If you’re trying to improve your credit score, a car loan may help, as long as you make your payments on time. Understanding how credit scores work is important in figuring out how a car loan will impact your credit score.

Factors That Determine Your Credit Scores

There are multiple credit bureaus, and each of them assign you a credit score that’s based on your financial history. While your score can vary from bureau to bureau, they all consider similar factors to calculate your score. The two factors that have the most significant effect on your credit scores are your payment history and your credit utilization.

Your payment history is a record of when you’ve paid your bills, including if you paid them on time or late, if you missed any payments and if you’ve had accounts go to collections. Pay all your bills on time and you won’t have a problem here.

Your credit utilization is the amount of debt you have compared to the amount of credit you have available. To maintain a high credit score, you need to keep your credit utilization under 20 to 30 percent of your available credit. This means that if the sum of your credit limit on all your credit cards is $10,000, you should always keep your balances below $2,000 to $3,000. Keep in mind that the credit bureaus could check your credit utilization at any time, so if you pay for a large purchase on your credit card, it’s smart to pay it off as soon as possible.

While your loan debt is also considered part of your credit utilization, credit bureaus don’t weigh it as heavily as your credit card debt.

Other influences on your credit score include how long you’ve had accounts open, if you’ve made any recent credit applications, and how many types of credit you have. These are all less important factors than the two listed above.

How a Car Loan Helps Your Credit

There are several ways that a car loan can improve your credit score. The first and most important is that if you make your loan payments on time, it’s good for your payment history. When you pay down your car loan, you’ll be lowering your credit utilization, provided you don’t just make your loan payment with your credit card and then carry the balance on the card. If you’re able to pay your credit card balance every month, it’s smart to use it to pay your car loan, because you’ll be able to earn reward points or cashback and get a return on your spending.

A car loan is an installment loan, and if you previously only had credit cards, it diversifies the type of credit you have, which can boost your score. Since car loans usually have terms between three and five years, it gives you the opportunity to build up a long account history.

Why does having different types of credit help your score? With installment loans, you must pay a fixed amount every month, and the interest charges are already factored in to the loan payments from the beginning. By paying an installment loan back, it demonstrates to credit bureaus that you’re financially responsible and can handle different types of credit.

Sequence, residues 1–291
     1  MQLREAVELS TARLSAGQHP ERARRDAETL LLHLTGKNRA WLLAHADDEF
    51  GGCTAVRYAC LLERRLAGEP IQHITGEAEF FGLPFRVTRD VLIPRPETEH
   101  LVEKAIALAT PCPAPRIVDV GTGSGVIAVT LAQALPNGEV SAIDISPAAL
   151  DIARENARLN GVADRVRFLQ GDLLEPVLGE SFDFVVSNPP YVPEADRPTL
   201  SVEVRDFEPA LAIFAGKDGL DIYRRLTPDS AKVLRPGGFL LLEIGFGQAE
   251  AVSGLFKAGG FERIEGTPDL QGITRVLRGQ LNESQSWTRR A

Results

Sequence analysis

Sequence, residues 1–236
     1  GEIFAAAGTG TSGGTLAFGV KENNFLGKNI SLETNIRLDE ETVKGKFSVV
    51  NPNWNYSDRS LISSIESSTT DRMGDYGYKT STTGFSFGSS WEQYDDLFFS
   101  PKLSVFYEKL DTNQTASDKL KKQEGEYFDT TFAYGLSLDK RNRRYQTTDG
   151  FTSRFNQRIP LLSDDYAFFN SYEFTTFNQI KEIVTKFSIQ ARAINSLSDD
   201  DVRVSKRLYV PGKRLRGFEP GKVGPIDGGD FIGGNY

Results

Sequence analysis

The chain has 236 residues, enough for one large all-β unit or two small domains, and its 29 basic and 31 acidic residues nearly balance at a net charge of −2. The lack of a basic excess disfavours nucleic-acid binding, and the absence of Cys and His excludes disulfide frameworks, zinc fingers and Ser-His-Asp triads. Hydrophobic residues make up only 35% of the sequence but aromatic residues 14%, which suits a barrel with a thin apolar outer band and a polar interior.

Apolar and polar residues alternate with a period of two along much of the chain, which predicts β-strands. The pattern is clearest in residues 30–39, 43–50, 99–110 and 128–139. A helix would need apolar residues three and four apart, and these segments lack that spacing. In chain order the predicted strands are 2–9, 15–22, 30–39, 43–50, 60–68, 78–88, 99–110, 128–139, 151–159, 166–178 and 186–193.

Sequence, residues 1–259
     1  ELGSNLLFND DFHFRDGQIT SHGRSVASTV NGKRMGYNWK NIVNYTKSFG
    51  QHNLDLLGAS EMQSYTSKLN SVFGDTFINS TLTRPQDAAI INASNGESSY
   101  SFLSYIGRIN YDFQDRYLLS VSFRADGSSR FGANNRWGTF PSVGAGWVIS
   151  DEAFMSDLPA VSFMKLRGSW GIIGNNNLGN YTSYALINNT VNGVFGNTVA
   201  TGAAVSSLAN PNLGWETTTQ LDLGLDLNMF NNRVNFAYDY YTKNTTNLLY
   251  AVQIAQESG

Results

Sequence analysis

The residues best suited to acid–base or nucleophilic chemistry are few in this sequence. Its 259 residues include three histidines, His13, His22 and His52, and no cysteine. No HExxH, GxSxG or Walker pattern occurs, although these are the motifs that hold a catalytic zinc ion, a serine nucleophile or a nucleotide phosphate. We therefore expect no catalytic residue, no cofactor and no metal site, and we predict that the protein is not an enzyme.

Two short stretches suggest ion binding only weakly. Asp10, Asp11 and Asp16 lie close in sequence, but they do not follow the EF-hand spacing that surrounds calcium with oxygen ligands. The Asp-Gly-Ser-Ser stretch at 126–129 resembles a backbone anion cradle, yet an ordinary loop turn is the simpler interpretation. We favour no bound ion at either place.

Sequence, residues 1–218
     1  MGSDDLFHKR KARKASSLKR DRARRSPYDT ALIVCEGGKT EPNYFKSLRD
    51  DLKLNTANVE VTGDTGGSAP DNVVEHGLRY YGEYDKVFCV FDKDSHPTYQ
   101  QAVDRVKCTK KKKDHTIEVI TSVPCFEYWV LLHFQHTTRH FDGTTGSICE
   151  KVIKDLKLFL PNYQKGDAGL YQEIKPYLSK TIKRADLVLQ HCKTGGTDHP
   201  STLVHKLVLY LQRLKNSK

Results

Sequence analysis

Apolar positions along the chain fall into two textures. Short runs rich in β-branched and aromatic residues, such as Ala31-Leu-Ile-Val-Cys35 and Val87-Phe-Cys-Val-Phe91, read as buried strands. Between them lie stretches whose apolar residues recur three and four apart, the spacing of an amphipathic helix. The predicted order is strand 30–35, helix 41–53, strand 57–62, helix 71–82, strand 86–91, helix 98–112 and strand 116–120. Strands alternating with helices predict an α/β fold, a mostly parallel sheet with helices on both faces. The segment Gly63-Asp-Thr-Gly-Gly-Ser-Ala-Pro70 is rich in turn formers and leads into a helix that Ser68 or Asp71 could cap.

Paying Off Your Car Loan Early

If you have enough money to make larger payments and pay off your car loan faster, you may be wondering if it’s a wise decision. After all, once you pay off the loan, you won’t have an installment loan anymore, which means you have fewer types of credit. Should you just make your standard monthly payments so you pay it off on time, instead?

It’s better to pay your car loan off early if you can. Remember that the types of credit you have isn’t a major factor when it comes to your credit score, so it’s not going to make a large score difference. The sooner you pay off your car loan, the less you’re going to pay in interest. It’s always better to save on interest, as that’s just money that you’re paying to the creditor for the convenience of borrowing.

By paying off your car loan as soon as you’re able, you’ll have full ownership of the car, giving you more freedom regarding what you do with it. If you need to sell it, you don’t need to go through the complications of selling a car with an outstanding loan on it. Instead of paying interest, you can put that money into your savings or invest it.

Final Thoughts

If you’re about to apply for a car loan or you have one that you’re paying off, it can help your credit score, especially when you make your payments by the due date. But the small boost of having another type of credit doesn’t outweigh paying interest, so if you can afford to pay more on your car loan, it’s in your best interest to do so.